Who made your clothes?
Who doesn’t love a great deal? Whether it’s on household appliances or a new t-shirt, consumers worldwide are always looking for a great bargain.
So of course when shoppers came across a vending machine in Berlin, Germany selling t-shirts for only 2 Euros each (about $2.19), they flocked to benefit from the supreme sale.
€2…? Seems like a bargain!
But there was a catch…
In order to buy a €2 t-shirt, shoppers had to first watch a video about the exploited sweatshop laborers that make cheap clothing possible.
The video showed who is behind the cheap clothing for sale…
Often under-age employees are the laborers, who work for up to 16 hours a day.
…and for as little as 13 cents an hour.
“Do You Still Want To Buy This 2€ T-Shirt?”
Not surprisingly, most chose to donate instead of purchase the t-shirt.
This brilliant social experiment was put on by the non-profit Fashion Revolution, who wants shoppers to reconsider how they shop for their clothes. Watch the entire experiment below:
The video was released on April 24th, or Fashion Revolution Day. This day commemorates the collapse of the Rana Plaza in Bangladesh in 2013, which killed more than 1,000 garment workers who had been making clothing for American brands, like J.C. Penney, Benetton, Walmart, and others, in unsafe conditions.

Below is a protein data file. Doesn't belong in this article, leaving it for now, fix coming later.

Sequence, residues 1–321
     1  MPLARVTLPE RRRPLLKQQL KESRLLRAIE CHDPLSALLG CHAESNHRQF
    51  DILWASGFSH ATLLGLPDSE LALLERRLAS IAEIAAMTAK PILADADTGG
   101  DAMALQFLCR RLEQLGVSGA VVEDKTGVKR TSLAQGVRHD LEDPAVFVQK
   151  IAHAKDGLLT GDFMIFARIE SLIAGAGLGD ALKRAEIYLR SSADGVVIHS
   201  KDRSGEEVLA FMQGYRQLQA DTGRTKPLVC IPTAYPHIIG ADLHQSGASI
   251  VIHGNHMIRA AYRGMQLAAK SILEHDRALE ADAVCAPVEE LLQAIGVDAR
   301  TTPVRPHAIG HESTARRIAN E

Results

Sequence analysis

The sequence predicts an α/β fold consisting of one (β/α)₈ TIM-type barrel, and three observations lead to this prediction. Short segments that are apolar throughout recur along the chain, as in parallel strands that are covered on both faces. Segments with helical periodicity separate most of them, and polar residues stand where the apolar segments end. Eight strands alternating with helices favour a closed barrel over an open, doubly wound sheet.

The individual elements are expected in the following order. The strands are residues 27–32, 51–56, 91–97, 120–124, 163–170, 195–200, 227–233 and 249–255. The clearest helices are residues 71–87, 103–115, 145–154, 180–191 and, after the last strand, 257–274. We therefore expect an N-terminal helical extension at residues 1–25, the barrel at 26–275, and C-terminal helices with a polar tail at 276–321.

The workers at such factories, according to aplus, are often underage, and most are also underpaid and overworked. Fashion Revolution wants to encourage people to start asking questions about their clothes, like where they were made and under what conditions they were manufactured.
“We’re not asking people to boycott their favorite stores, we need to change the fashion industry from within by asking the brands and retailers where we like to shop ‘Who made my clothes?'” Fashion Revolution Day founder Carry Somers told Marie Claire.
As you can see in the video above, consumers’ reactions to the video were varied, but almost everyone chose to donate to the cause instead of support cheap labor. This goes to show how powerful a tool education is.
“Consumers didn’t cause this problem, but that doesn’t mean that we shouldn’t be part of the solution,” she added. And by encouraging people to take a stand and show fashion brands they need to start taking responsibility for their actions, Fashion Revolution is already helping to inspire much-needed change. To learn more, follow the #fashrev hashtag on social media.
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